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105 monkeys figure out how to get the banana out

By G.D. Maxwell There’s this famous experiment in the annals of learning. It involves a jar, a banana and a monkey.

By G.D. Maxwell

There’s this famous experiment in the annals of learning. It involves a jar, a banana and a monkey. I know it sounds very similar to jokes that start, "There was a priest, a rabbi and a minister," but it’s really not the same at all.

Anyway, the banana is put inside the jar – pretty big jar – and the jar is put inside a room. So is the monkey. Put inside the room, that is, not inside the jar. It’s not that big a jar. The monkey being a monkey and the banana being a banana, it doesn’t take long for the monkey to notice the banana and decide he/she would really like to eat it. This is where it gets good.

You see, the mouth of the jar is big enough to slip a banana through and it’s big enough to slip a monkey’s hand through but it’s not big enough to slip a monkey’s hand holding a banana through. Kind of like one of those Chinese finger traps... only different.

The monkey reaches into the jar, grabs the banana – all the time dreaming about eating the banana with abandon but thinking "Boy this sure ain’t nothing like the jungle." – and tries to get it out of the jar. Doesn’t work. Now the monkey has a problem.

The monkey doesn’t want to let go of the banana. He – let’s call the monkey he, I’m getting tired of he/she and besides, it’s always easier to make a monkey out of a man – wants the banana out of the jar and can’t quite figure out, the monkey brain not being sophisticated enough to comprehend these things, how to accomplish that, especially if he lets go of the banana. It just doesn’t make sense to let go of the banana to get it out of the jar.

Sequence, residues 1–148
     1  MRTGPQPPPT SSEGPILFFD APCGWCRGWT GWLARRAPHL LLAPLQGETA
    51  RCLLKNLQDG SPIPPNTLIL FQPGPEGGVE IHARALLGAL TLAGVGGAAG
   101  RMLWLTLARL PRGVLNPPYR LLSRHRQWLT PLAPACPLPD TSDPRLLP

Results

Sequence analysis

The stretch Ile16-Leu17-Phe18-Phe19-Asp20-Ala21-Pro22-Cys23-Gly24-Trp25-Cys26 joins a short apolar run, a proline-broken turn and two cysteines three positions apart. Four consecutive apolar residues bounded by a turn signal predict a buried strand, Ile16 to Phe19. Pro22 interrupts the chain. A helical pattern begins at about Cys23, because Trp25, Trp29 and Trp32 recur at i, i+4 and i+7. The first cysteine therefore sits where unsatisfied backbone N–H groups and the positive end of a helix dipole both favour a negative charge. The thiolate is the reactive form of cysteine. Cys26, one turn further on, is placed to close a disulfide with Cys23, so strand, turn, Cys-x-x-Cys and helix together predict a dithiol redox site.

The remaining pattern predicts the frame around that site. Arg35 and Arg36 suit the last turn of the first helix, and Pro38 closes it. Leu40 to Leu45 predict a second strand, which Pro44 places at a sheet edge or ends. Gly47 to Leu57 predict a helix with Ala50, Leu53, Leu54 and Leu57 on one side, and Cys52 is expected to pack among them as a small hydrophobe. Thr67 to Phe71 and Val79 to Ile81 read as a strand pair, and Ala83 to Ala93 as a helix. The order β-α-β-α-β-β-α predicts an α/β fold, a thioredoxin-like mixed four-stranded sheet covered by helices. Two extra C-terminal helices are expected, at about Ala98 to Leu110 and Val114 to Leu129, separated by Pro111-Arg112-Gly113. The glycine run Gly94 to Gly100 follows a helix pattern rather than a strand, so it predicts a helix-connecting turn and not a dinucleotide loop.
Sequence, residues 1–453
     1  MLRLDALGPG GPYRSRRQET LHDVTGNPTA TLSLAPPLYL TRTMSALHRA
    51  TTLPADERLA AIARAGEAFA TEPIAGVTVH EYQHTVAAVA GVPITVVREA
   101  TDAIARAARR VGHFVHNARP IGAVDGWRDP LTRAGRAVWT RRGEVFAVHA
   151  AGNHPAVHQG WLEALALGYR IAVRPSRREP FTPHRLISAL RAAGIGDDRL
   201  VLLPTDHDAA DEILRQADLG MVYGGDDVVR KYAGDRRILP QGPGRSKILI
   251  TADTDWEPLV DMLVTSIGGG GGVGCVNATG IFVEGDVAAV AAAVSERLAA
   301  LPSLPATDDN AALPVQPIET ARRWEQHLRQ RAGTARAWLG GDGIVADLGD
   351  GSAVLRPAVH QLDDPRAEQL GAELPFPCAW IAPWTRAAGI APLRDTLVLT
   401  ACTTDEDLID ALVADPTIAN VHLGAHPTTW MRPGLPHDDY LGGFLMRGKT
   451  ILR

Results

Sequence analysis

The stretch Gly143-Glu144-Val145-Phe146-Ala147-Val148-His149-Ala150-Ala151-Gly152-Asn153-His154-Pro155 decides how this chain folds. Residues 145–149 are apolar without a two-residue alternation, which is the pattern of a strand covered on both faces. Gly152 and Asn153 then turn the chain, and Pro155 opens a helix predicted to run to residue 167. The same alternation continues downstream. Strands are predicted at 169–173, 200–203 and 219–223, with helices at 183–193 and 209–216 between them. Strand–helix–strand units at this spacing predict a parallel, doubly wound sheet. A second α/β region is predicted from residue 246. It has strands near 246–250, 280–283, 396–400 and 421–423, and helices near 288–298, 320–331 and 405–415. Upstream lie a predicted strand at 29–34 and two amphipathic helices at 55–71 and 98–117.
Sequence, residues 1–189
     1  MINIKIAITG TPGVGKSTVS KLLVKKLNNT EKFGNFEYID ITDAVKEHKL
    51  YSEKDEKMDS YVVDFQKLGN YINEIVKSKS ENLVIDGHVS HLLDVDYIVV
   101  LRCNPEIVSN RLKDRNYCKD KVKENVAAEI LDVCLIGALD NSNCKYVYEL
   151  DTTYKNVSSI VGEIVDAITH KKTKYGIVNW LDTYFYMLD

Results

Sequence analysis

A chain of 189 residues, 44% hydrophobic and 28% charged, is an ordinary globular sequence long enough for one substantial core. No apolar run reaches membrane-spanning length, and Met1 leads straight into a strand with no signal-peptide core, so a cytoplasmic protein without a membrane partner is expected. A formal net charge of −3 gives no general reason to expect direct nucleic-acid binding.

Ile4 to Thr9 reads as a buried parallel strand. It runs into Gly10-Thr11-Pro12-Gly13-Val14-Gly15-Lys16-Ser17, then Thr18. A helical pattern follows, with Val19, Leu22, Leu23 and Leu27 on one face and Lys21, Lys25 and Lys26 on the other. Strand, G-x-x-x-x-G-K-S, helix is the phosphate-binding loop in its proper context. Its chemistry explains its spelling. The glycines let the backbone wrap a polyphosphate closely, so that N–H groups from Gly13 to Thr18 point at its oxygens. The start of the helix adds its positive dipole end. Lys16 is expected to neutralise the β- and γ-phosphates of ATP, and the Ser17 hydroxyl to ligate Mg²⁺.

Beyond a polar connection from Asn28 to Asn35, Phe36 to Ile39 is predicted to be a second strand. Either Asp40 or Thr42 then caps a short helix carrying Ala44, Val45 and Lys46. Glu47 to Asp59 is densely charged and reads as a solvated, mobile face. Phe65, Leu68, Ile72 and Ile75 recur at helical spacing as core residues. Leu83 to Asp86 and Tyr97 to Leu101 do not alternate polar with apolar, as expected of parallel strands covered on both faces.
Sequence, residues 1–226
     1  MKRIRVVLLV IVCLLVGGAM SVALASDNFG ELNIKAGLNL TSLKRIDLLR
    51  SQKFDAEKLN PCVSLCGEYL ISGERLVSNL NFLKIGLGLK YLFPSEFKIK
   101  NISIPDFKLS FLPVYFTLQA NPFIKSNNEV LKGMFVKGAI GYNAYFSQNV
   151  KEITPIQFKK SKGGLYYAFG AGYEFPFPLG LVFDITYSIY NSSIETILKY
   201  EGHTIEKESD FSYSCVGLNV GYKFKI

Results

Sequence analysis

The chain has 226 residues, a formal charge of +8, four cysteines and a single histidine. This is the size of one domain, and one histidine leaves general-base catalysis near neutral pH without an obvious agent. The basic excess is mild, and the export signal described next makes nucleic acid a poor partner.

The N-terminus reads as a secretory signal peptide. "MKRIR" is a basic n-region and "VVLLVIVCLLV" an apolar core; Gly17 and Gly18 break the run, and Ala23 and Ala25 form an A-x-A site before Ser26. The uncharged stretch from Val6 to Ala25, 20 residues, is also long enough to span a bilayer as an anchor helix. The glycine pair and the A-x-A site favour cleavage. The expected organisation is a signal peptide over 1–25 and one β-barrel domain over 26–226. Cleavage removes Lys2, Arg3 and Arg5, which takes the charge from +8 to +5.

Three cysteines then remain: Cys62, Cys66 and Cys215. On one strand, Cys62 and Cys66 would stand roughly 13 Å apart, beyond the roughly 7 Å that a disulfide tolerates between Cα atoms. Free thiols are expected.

The rest of the experiment isn’t really important. Okay, I know you’re on pins and needles. If the monkey is smart, he finally figures out he has to hold onto the banana, run briskly toward the wall of the room, smash the jar against the wall, sever the veins in his wrist and quickly finish the banana before he bleeds to death. Just kidding. He figures out he has to turn the jar upside down and shake the banana out. Either that or evolve enough to build a nuclear weapon of mass destruction which is what some guys who act a lot like monkeys would do.

The point of the experiment, of course, is to determine the monkey’s ability to appraise a situation, weigh alternatives and come up with a solution. The point of this long introduction – other than to amuse you and gobble up close to 500 words – is this. If the men in government who set policy on cannabis – yes we’re still on that subject – were placed in a room with a banana in a jar, they’d still have their hand stuck inside it after close to 75 years.

I’m not advocating letting monkeys set Canada’s national policy on cannabis – we’ve already tried that. I am suggesting you have to be pretty stupid to stick with a policy that doesn’t work, costs gobs of money, turns otherwise productive people into criminals, clogs your courts and alienates vast segments of your citizenry from having any respect whatsoever for the rule of law. Seems to me that smart monkeys would appraise the situation and try something else.